IN THE NEWS: On DEC 4, 2019
Foodservice distributor Bidfood Australia will be eliminating cage eggs from its supply chain by 2025. The company provides 115 million eggs to the foodservice industry each year, including restaurants, cages, hospitals, hotels and schools.
Bidfood will start by removing cage eggs from its own brand range by 2023, where it will closely with suppliers and customers over the coming years to reach the 100 per cent cage free eggs target by 2025, said CEO Rachel Ruggerio.
“While many consumers choose to buy cage free eggs at supermarkets, it is important that they are also able to have confidence that the eggs being served when they dine out are also cage free.”
“Bidfood is the first major Australian foodservice distributer to make a commitment to go cage free and we now call upon other foodservice distributors, which are continuing to supply cage eggs, to follow Bidfood’s leadership.”
Animals Australia CEO Glenys Oogjes had applauded Bidfood’s commitment and targe to cage free eggs.
“Animals Australia has been working closely with Bidfood over the past year to reach this outcome,” said Oogjes.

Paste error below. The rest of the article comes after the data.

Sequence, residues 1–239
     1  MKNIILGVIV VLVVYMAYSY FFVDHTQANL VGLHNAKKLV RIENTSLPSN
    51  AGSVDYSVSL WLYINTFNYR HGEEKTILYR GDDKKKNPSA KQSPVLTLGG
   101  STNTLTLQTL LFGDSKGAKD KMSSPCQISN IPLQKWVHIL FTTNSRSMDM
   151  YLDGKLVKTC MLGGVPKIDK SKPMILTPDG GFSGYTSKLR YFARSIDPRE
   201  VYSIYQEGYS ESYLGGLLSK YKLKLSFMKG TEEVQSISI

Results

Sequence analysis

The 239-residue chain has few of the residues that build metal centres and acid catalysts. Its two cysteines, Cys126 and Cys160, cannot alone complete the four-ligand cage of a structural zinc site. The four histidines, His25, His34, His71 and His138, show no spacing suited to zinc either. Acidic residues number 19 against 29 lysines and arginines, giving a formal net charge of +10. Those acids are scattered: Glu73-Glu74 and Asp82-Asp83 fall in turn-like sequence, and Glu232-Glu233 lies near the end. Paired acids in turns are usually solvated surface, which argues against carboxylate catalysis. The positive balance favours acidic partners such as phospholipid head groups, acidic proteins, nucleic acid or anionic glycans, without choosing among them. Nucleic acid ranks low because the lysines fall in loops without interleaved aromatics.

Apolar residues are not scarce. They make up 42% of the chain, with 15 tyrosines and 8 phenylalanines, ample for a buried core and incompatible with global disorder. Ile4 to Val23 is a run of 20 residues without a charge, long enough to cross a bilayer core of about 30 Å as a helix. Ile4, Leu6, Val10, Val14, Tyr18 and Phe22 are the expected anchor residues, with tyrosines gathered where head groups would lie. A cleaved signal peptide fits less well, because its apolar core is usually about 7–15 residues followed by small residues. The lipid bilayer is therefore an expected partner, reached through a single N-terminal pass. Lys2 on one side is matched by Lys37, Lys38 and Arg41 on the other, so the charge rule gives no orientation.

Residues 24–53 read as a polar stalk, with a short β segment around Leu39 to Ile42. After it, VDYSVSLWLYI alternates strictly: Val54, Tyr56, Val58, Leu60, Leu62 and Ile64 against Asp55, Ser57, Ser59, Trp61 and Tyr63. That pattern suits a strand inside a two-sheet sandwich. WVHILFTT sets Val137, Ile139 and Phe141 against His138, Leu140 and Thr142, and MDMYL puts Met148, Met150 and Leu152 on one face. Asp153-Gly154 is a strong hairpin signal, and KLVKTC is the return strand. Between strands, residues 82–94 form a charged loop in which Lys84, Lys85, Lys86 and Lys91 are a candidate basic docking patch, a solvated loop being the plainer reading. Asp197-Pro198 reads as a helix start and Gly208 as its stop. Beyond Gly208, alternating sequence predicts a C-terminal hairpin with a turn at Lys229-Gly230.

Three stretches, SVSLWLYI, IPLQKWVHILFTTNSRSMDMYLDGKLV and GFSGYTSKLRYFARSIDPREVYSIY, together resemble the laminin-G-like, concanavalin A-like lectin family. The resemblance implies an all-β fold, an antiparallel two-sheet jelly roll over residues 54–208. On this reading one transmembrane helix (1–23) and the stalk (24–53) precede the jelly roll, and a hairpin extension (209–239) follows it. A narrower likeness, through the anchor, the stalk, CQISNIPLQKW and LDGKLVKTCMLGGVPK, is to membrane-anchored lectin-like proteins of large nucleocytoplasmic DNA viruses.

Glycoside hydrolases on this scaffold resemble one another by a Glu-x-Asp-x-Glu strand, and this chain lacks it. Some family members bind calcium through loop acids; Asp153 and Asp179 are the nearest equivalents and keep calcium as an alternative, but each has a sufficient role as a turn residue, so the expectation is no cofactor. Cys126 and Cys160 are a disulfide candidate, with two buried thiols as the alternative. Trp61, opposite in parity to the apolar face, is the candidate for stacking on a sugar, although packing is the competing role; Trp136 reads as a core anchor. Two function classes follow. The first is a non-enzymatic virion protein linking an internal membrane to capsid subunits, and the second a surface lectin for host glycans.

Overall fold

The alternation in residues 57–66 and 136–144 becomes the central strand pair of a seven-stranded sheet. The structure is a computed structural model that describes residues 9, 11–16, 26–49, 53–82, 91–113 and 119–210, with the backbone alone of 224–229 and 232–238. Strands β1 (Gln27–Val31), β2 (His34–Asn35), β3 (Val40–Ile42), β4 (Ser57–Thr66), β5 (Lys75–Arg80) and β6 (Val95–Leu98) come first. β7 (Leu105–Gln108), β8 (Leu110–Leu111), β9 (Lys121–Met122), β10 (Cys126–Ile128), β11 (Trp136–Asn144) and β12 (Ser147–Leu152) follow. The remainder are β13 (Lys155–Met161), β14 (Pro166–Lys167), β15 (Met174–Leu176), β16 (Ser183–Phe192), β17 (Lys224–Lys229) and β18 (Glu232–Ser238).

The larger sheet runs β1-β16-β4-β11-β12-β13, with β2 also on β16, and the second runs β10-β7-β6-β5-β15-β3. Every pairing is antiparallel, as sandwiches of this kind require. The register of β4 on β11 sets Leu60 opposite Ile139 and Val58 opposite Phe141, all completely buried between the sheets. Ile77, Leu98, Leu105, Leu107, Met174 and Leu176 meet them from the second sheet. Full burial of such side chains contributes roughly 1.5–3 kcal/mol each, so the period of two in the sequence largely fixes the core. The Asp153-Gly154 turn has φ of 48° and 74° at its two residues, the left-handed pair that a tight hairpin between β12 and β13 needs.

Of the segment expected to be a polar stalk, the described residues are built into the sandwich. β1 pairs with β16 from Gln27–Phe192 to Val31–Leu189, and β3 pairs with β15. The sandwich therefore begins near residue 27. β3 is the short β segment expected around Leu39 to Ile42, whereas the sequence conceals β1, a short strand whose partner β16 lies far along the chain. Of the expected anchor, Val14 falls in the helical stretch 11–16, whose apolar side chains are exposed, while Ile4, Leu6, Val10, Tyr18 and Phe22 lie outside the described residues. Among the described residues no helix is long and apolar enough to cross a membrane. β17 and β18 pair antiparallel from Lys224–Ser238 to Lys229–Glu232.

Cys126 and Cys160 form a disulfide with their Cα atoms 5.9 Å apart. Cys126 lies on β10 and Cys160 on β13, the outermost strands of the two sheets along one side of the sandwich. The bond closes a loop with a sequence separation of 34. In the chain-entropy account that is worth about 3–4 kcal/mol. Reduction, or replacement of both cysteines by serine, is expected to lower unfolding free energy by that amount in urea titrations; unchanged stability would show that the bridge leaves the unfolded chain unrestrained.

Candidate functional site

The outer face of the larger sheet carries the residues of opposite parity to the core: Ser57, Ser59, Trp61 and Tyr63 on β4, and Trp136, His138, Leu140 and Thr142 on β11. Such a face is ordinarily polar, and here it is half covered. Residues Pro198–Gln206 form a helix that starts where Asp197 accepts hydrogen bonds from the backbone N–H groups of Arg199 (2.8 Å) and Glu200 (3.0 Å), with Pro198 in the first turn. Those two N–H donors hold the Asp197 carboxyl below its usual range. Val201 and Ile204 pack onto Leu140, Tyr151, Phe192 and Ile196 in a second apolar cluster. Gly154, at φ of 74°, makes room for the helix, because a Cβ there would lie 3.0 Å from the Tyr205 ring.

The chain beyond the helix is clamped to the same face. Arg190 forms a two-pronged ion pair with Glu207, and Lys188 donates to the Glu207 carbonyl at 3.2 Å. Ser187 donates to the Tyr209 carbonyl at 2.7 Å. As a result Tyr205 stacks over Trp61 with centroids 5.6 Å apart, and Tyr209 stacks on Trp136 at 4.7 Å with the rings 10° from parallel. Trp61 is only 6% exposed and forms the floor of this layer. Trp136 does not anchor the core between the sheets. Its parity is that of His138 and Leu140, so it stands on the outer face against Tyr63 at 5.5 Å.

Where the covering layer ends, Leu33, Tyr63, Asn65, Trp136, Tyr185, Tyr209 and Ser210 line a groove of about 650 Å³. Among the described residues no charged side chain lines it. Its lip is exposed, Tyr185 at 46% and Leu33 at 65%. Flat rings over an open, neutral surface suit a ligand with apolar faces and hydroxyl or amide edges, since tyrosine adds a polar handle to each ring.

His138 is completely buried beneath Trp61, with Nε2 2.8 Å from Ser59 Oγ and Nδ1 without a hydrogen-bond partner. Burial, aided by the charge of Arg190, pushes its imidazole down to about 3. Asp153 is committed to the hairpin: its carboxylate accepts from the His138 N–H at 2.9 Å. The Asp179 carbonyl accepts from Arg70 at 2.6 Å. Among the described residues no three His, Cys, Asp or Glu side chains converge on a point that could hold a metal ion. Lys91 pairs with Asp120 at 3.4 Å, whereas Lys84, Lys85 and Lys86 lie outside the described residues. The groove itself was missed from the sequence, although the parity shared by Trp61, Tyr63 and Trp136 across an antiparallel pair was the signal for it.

“With around 60 per cent of eggs produced in Australia being used in the foodservice sector, Bidfood’s commitment is a huge positive for animal welfare.”
In July, bakery supplier Allied Pinnacle also announced it would eliminate cage eggs from its supply chain by 2023. It uses more than 40 million eggs every year and will spare 130,000 hens from battery cages by the end of the phase out period.
Increase of trust
The CSIRO reported in November that trust in the egg farming has increased by four percent from 2018, with 57 per cent of Australians expressing trust in the industry.
The report found 93 per cent of Australians cared for the welfare of hens, as well as a “substantial increase in the number of Australians who felt that egg farming has a lower impact on the environment than other industries (76 per cent compared to 66 per cent last year) and those who believe that egg farming is a good use of land (77 per cent compared to 73 per cent last year)”.
The survey is now in its second year and is a three-year research project aimed at “enhancing livelihoods, improving community and animal wellbeing, reducing environmental impact and ensuring the economic sustainability of the egg industry”.